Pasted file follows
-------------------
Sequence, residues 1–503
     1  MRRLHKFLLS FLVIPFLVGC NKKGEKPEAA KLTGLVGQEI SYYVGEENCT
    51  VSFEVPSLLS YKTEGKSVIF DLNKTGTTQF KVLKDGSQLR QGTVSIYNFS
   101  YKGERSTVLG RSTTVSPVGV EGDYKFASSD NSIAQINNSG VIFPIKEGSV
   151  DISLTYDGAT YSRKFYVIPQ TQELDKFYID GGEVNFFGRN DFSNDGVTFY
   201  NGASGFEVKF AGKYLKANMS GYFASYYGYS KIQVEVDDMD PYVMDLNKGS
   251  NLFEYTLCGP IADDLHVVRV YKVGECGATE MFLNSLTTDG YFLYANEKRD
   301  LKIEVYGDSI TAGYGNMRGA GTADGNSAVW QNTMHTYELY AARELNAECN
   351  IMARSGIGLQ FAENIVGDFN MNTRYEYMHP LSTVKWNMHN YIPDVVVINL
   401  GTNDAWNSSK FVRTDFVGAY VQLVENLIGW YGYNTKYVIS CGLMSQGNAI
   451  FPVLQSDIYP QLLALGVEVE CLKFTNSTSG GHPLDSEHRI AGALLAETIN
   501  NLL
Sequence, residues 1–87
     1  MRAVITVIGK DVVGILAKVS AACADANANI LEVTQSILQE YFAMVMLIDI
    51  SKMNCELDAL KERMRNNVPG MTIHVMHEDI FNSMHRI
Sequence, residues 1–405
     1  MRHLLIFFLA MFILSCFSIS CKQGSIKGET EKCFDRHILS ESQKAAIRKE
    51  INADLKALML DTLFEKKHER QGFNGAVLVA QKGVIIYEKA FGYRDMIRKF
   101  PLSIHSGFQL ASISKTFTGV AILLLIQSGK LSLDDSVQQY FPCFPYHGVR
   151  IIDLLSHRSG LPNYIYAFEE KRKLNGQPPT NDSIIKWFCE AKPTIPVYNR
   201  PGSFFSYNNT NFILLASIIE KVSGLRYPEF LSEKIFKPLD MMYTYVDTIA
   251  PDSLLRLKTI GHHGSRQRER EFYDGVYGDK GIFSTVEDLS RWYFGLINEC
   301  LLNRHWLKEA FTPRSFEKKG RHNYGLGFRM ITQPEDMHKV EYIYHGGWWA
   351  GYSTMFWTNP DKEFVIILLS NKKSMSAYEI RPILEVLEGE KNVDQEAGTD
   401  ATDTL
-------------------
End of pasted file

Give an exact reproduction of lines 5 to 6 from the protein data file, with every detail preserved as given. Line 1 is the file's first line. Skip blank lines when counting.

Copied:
   151  DISLTYDGAT YSRKFYVIPQ TQELDKFYID GGEVNFFGRN DFSNDGVTFY
   201  NGASGFEVKF AGKYLKANMS GYFASYYGYS KIQVEVDDMD PYVMDLNKGS